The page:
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Recipe – Cheese soup from Jaeren

cook 1 litre of vegetable soup

Melt 100 g butter and blend with flour

slowly blend with veg stock and let simmer

Add 3 dessert spoons of milk

Add 1 cup carrots and a cauliflower

Salt and pepper to taste

Simmer 10 mintues and then add 300 g of grated Jaeren cheese

Serve with bread

Slow fish adventures in Stavanger, Norway

Tres Hombres Ship will be receiving a fabulous sustainable Slow Food cargo of Stockfish destined for Lisbon, Portugal.Stockfish is a traditional fish product from Norway and is one of the protect ‘Ark of Taste‘ flavours chosen by the Slow Food presidio. The Ark of taste campaign seeks to find and protect traditional artisan foods, tastes and flavours around the globe. Many thanks to Ove Fosså, the Slow Food Norway President and Terje Ingerhaug for their help in recreating this historic trade.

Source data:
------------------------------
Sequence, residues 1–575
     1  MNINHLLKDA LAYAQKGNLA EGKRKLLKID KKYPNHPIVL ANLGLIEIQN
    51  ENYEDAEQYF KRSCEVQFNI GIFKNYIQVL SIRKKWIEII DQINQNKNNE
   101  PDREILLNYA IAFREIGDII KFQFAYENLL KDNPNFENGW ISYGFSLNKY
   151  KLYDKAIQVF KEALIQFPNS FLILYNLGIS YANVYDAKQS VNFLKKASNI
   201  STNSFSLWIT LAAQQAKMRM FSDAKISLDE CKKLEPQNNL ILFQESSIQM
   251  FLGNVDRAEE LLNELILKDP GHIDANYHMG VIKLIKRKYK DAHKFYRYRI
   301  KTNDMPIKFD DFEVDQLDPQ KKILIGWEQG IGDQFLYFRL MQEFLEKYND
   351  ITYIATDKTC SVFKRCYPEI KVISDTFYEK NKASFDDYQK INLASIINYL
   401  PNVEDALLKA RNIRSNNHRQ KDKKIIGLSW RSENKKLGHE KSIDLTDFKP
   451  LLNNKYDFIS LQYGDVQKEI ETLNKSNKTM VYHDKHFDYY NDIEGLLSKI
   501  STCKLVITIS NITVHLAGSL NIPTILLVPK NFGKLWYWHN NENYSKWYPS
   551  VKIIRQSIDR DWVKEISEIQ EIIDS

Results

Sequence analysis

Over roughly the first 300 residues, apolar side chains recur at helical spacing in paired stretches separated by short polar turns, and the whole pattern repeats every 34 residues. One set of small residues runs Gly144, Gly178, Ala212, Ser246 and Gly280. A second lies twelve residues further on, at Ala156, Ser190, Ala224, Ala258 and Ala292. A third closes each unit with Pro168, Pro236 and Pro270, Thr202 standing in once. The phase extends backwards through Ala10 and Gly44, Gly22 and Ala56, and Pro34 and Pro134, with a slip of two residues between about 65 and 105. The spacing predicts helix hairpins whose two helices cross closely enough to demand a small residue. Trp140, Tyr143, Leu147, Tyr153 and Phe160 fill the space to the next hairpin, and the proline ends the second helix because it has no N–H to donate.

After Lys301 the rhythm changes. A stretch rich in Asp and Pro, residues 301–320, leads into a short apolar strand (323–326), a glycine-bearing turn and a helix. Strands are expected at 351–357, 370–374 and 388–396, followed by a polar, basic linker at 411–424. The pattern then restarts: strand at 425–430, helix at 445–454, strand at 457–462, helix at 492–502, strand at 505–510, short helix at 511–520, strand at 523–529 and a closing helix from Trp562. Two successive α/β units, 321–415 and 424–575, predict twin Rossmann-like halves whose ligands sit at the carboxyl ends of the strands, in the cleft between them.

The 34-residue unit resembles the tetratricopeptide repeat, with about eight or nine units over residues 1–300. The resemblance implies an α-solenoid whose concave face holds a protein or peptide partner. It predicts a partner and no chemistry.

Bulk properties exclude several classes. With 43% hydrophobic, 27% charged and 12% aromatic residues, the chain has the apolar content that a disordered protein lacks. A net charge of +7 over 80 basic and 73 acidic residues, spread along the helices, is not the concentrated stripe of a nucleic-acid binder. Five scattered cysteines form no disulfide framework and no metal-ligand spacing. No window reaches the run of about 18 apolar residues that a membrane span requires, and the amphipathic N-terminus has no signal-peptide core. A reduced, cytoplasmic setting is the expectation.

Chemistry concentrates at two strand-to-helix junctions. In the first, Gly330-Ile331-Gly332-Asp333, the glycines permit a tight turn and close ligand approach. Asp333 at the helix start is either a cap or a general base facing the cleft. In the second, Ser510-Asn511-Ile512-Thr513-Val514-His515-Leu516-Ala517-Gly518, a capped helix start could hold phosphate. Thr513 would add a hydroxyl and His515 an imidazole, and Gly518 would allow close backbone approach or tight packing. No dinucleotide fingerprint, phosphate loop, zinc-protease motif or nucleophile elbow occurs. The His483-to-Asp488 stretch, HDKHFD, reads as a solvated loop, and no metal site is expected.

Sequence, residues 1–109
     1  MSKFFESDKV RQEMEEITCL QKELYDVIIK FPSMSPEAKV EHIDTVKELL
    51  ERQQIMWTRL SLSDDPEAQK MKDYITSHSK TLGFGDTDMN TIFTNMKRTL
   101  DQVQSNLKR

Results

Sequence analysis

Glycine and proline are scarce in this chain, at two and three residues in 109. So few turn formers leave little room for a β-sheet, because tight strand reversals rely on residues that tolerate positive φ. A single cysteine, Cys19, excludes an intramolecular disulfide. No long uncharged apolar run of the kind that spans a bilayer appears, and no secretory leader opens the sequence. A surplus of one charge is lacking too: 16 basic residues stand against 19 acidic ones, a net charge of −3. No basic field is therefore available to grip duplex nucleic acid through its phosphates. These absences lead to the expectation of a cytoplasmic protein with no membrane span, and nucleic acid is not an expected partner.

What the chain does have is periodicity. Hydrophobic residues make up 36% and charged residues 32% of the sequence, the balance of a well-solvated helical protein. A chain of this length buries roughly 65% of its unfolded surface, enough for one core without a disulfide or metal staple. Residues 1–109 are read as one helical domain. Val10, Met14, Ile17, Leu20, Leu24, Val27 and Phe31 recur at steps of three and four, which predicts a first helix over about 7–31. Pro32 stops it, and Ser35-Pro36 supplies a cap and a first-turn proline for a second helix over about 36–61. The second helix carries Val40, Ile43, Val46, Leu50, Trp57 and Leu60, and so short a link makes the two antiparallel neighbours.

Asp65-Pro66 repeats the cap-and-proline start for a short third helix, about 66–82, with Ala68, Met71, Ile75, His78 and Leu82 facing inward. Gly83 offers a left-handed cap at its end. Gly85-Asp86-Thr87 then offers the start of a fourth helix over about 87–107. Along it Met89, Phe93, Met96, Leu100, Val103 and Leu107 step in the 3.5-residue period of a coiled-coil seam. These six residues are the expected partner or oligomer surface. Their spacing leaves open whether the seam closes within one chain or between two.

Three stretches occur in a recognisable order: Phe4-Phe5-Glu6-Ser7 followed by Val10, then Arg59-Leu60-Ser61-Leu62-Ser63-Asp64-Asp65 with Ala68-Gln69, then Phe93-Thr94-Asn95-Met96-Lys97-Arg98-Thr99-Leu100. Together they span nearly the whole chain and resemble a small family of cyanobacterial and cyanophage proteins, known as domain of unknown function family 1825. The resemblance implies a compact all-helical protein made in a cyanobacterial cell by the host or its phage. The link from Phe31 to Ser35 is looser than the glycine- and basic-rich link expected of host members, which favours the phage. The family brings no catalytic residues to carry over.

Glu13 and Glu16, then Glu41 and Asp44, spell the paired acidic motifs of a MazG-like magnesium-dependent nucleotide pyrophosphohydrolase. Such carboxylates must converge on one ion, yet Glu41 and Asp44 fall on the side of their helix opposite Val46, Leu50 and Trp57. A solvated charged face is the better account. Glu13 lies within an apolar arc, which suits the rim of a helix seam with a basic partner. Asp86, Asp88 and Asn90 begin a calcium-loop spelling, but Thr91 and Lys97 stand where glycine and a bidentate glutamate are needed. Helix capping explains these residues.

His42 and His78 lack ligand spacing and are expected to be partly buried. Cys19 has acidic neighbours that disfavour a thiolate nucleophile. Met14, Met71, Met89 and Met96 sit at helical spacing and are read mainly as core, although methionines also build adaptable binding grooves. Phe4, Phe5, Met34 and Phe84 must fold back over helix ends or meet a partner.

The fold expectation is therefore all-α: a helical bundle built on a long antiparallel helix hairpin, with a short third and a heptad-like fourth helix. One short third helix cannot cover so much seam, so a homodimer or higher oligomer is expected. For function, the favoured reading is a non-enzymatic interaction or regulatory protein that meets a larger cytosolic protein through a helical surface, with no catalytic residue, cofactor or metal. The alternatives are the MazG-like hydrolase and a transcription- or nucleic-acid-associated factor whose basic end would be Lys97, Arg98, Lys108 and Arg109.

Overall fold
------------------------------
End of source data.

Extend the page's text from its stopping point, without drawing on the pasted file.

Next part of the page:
Terje sailed with Tres Hombres 3 years ago when Tres Hombres collected a fine cargo of Norwegian produce coordinated by Ove and delivered by the power of the wind to Cardiff. Tres hombres ship were delighted to host Ove for dinner on the ship last night and hear details of this trade.

The crew of the Tres Hombres have been having their own Slow fish Slow Food adventures in Port, hand-smoking herring and experimenting with delicious salt fish recipes. Check out our photos here.Image